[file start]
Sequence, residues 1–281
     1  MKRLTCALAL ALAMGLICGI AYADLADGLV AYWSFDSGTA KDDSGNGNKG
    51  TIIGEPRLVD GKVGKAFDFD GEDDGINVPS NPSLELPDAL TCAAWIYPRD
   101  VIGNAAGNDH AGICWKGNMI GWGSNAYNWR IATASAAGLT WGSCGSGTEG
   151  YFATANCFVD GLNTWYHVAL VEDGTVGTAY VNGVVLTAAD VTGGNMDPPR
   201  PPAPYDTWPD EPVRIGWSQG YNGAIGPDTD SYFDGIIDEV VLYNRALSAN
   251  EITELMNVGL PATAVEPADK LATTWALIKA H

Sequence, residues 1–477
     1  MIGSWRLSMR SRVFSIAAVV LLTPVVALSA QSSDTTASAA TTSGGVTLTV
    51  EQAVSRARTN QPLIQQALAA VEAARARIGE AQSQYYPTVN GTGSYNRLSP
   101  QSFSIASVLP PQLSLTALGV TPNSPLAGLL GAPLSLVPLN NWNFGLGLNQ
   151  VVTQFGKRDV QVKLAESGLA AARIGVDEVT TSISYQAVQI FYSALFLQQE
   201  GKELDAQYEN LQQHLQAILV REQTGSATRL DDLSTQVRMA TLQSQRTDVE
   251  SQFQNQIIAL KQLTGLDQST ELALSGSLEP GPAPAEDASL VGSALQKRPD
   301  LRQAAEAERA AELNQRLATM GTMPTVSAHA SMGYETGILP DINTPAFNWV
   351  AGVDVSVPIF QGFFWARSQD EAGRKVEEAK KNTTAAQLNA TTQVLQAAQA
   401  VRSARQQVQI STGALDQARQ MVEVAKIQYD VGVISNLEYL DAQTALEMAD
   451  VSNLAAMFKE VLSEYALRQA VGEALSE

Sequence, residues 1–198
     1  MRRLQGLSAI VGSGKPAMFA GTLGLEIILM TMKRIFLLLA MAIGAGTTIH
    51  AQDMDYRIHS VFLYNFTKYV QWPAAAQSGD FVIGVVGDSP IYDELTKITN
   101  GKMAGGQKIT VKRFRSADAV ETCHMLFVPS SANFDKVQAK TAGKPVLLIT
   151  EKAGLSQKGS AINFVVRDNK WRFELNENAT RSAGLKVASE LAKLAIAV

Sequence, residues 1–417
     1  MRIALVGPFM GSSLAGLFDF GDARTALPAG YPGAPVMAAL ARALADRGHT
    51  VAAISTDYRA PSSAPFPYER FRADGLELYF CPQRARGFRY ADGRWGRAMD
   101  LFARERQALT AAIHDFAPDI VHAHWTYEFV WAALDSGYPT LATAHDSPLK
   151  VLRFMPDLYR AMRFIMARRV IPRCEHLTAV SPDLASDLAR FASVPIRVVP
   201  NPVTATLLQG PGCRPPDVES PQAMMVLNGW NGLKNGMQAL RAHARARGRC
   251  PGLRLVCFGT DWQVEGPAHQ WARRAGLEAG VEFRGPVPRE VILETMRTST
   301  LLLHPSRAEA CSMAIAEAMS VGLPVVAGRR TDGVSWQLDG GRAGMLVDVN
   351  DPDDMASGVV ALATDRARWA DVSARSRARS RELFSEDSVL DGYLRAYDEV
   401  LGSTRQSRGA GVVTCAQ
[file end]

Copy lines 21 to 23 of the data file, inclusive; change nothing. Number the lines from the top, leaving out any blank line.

    51  AQDMDYRIHS VFLYNFTKYV QWPAAAQSGD FVIGVVGDSP IYDELTKITN
   101  GKMAGGQKIT VKRFRSADAV ETCHMLFVPS SANFDKVQAK TAGKPVLLIT
   151  EKAGLSQKGS AINFVVRDNK WRFELNENAT RSAGLKVASE LAKLAIAV